Just like with humans, cat labor is a multi-stage process filled with wonder, a bit of mystery, and adorable end results. Whether you're prepping for a litter of kittens or just satisfying your feline curiosity, learn what to expect before your cat goes into labor and what will happen in the stages of cat labor during this magical journey.
What to Expect for Each Stage of Cat Labor and Birth
There are several stages leading up to a cat giving birth to her kittens. Knowing which signs to look for can help you make sure your cat has a warm, comfortable place to birth her kittens. This will also help you know when to be concerned or when to let labor progress naturally.
A day or two before a pregnant cat is ready to go into labor, you may notice that she seems restless. The cat will look for a quiet, out-of-the-way place to give birth to her kittens, such as a closet, under a bed, or behind furniture. You can encourage the cat to give birth in a place you have chosen by placing warm blankets in that area. Include a bowl of water, and keep the area quiet and free of people.
Isolate your cat in the room where you'd like her to give birth so she doesn't choose an inconvenient or dangerous place to have her kittens.
Stage One: Beginning Labor
Once a cat actually begins labor, she will move to the area she has chosen to have her kittens. This first stage can last a full day. Your cat may pant a bit. She may be more affectionate or more aggressive than normal. She may also lick her genital area often, and many cats also lick their abdomens.
Stage Two: Kittens Are Born
When your cat begins the second stage of labor, she will stop eating. You can expect to see the newborn kittens during this stage. You may notice that your cat is squatting and pushing. This is normal. Let her progress through labor naturally and don't interrupt her. Kittens may be born fairly quickly together or as much as a couple of hours apart.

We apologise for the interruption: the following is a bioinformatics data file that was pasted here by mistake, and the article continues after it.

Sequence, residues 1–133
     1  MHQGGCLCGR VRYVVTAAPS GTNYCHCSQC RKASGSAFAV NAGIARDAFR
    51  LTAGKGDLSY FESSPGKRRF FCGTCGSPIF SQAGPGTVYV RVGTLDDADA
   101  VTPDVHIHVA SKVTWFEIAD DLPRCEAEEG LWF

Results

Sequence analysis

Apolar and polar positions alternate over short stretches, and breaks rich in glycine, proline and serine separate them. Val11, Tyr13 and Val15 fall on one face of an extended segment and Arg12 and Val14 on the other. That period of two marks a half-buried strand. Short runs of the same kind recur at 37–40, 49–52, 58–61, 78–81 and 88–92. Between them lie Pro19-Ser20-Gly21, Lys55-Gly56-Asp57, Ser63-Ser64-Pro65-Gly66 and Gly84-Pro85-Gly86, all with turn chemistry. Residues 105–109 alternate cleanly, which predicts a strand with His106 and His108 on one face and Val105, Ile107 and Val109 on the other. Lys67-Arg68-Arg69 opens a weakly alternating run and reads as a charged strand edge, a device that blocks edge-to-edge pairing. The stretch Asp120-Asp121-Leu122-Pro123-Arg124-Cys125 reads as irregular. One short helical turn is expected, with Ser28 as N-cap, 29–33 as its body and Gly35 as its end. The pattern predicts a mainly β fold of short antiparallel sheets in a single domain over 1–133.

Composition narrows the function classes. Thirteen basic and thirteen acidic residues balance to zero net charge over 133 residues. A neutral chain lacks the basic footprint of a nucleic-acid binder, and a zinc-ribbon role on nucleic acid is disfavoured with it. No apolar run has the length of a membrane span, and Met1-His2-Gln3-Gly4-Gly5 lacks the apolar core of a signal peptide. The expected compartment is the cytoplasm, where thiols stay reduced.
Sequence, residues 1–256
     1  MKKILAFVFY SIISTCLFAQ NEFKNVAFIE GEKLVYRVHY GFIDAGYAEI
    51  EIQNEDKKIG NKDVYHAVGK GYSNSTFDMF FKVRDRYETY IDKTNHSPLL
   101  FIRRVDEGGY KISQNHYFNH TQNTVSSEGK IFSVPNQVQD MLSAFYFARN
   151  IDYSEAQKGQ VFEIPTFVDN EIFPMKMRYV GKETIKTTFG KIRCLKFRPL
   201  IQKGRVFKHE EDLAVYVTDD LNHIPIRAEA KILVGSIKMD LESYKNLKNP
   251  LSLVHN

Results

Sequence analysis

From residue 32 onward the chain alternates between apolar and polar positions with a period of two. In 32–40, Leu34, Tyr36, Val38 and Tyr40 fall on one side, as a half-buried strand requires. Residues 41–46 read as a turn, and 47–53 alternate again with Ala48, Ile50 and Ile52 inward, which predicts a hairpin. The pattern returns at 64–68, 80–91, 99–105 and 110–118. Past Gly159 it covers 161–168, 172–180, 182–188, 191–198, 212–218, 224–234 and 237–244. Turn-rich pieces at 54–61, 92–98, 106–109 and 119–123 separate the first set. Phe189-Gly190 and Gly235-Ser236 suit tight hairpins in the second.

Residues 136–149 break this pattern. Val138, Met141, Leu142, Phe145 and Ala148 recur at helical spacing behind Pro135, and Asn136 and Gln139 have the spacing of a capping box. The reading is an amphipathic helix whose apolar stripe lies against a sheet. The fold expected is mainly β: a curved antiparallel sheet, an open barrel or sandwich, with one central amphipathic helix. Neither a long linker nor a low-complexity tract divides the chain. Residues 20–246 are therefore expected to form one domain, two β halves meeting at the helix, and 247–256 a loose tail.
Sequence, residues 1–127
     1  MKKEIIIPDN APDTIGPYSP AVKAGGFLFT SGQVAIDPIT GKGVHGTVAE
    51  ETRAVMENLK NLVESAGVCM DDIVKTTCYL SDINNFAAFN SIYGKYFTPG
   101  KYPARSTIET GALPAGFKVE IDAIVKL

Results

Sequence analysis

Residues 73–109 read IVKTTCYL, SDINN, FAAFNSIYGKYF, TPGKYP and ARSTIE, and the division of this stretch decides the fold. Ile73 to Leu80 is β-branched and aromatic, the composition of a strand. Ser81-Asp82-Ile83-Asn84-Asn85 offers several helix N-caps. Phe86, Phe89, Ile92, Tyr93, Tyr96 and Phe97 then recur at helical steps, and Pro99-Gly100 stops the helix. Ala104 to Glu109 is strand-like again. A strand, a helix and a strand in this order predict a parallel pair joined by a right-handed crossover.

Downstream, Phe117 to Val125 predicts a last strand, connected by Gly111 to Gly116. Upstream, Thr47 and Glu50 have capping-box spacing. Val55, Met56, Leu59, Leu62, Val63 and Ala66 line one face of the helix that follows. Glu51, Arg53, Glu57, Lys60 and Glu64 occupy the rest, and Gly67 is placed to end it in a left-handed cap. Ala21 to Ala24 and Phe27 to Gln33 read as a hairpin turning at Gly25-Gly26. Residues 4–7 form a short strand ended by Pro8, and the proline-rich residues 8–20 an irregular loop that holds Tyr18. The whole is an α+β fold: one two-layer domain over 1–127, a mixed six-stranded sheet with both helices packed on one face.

Once the kitten is out, the mother cat will probably take a short breather (she's earned it!) before breaking the amniotic sac if it hasn't already burst during the birth. She'll clean the newborns, stimulating their breathing and circulation — talk about multitasking!
Leave the newborn kittens alone to ensure your mother cat remains calm and stays in place.
Stage Three: Placenta
This is the final stage of labor. The placentas from the kittens are pushed out, and the cat eats these for the nutrients. She will probably nurse and clean her kittens during this time as well. Count placentas as they are expelled to be sure they match the number of kittens born.
Potential Complications During Labor
While a majority of cats give birth to healthy kittens with no problems, there are a few cases where cat owners should be concerned enough to take the cat to the vet for help. If your cat experiences any of the following complications, immediately take her and any kittens that have been born to the vet.
- Your cat is in labor for over seven or eight hours.
- A kitten has been in the birth canal for over ten minutes, and you cannot pull it out by gently grasping its hips or shoulders and pulling down (be extremely careful if attempting this, and never pull on the kitten's head or legs).
- Over two hours have passed between births, and you know there are more kittens in the uterus.
- You counted fewer placentas than kittens.
- The mother seems extremely lethargic and will not eat, drink and/or nurse her kittens.
- The kittens seem weak or lethargic.
It's normal to see a small amount of red to black discharge from the mother's vagina for up to ten days. However, if the discharge is an odd color or has a bad odor, this might indicate infection. In this case, your cat should be examined by your veterinarian.
Most Kitten Births Occur Naturally
Most feline labor and birth events occur naturally and with little stress to you or your cat. It's vital that you know your cat well enough to tell if she is in distress and needs medical help. More than likely, she will be a natural mother, and you'll wind up with a beautiful litter of newborn kittens.